Sunday, September 21, 2014


The situation might not have been pretty, but Neanderthals and Homo sapiens were both living in Europe at the same time for around 5,400 years, according to a new study that has many other implications. For starters, it’s now possible that Neanderthals and our species mated and otherwise interacted for some 20,000 years.

“Significant interbreeding between Neanderthals and early modern humans had probably already occurred in Asia more than 50,000 years ago, so the dating evidence now indicates that the two populations could have been in some kind of contact with each other for up to 20,000 years, first in Asia then later in Europe,” Chris Stringer, research leader in Human Origins at the Natural History Museum in London, explained. “This may support the idea that some of the changes in Neanderthal and early modern human technology after 60,000 years ago can be attributed to a process of acculturation between these two human groups,” Stringer said.

For the study, published in the latest issue of the journal Nature, project leader Thomas Higham of the University of Oxford and his colleagues obtained new radiocarbon dates for around 200 samples of bone, charcoal and shell from 40 key European archaeological sites ranging from Russia in the east to Spain in the west. The sites were either previously linked to the Neanderthal tool-making industry, known as Mousterian, or were so-called “transitional” sites containing stone tools associated with either our species or Neanderthals. The results showed that both human groups overlapped for a significant period, giving what Higham and his team say was “ample time” for interaction and interbreeding.

Stringer said, “Neanderthals are our closest-known relatives, and research has recently shown that nearly all humans alive today have a small percentage of Neanderthal DNA in their genomes. This interbreeding probably occurred soon after small groups of early modern humans began to leave their African homeland about 60,000 years ago.” The “small percentage” isn’t necessarily because so few interbred. Also, other studies have concluded that one-fifth (and possibly more) of the Neanderthal genome survives in modern humans and influences skin color, hair color and texture, and other traits.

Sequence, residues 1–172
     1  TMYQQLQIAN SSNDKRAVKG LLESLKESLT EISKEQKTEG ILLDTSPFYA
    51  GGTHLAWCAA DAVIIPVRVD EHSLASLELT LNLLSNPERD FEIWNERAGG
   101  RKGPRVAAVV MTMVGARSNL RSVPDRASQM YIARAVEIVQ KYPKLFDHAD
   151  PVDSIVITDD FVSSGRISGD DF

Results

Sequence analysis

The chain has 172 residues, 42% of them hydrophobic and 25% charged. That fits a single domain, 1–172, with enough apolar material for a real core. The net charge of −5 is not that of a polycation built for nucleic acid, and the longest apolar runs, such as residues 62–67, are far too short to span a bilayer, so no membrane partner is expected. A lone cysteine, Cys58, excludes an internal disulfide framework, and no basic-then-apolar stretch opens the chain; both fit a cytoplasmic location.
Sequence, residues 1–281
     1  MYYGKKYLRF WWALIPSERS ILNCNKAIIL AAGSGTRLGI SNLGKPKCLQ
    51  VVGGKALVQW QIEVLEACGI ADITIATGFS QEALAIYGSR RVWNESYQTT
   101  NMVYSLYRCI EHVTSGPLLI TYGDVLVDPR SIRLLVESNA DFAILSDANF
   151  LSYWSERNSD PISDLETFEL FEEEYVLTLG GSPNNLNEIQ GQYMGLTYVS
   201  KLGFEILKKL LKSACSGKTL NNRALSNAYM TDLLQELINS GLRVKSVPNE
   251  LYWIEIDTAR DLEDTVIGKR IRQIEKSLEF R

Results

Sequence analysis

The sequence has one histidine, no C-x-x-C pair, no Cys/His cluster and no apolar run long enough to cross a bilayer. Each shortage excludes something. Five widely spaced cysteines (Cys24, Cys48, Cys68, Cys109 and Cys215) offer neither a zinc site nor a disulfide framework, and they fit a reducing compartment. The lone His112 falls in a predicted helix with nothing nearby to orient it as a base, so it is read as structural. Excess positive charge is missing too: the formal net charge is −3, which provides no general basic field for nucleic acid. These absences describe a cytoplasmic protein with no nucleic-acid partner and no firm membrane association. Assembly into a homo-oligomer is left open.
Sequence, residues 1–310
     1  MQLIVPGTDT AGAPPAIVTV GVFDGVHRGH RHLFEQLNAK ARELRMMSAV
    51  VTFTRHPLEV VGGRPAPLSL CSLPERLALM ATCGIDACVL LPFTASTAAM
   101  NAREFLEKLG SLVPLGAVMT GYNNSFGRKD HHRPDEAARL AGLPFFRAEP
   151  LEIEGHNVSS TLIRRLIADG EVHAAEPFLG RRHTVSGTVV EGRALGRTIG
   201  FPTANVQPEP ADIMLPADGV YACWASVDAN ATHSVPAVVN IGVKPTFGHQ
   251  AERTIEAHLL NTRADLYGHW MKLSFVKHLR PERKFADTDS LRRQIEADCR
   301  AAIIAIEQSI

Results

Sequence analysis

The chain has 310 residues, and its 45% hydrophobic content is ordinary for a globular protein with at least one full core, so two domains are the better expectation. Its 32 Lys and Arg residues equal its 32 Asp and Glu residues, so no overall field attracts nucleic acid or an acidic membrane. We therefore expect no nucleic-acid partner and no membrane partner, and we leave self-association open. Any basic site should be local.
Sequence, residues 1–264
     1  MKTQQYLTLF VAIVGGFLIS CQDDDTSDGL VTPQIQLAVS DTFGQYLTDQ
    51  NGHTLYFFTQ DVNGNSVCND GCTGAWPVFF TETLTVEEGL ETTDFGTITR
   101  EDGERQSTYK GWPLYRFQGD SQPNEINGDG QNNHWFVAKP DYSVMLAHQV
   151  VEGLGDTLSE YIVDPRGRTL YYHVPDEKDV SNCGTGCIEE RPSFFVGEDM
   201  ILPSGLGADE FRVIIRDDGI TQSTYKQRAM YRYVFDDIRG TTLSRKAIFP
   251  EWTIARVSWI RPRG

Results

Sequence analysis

As for what happened to the Neanderthals afterward, researchers still aren’t entirely sure. The new chronology established by the paper suggests that Neanderthals may have survived in dwindling populations in pockets of Europe before they became extinct. “Extinct” is also somewhat of a loaded term, because Neanderthals and their culture were absorbed into the modern human population. Their distinctiveness as a separate species, however, bit the evolutionary dust. As Stringer said, “Neanderthals had largely, and perhaps entirely, vanished from their known range by 39,000 years ago.” He mentioned that this point in time intriguingly coincides with a long spell of miserable weather — cold and dry conditions — throughout much of Europe. The climactic event, he said, might have “delivered the coup de grâce to a Neanderthal population that was already low in numbers and genetic diversity, and trying to cope with economic competition from incoming groups of Homo sapiens.”


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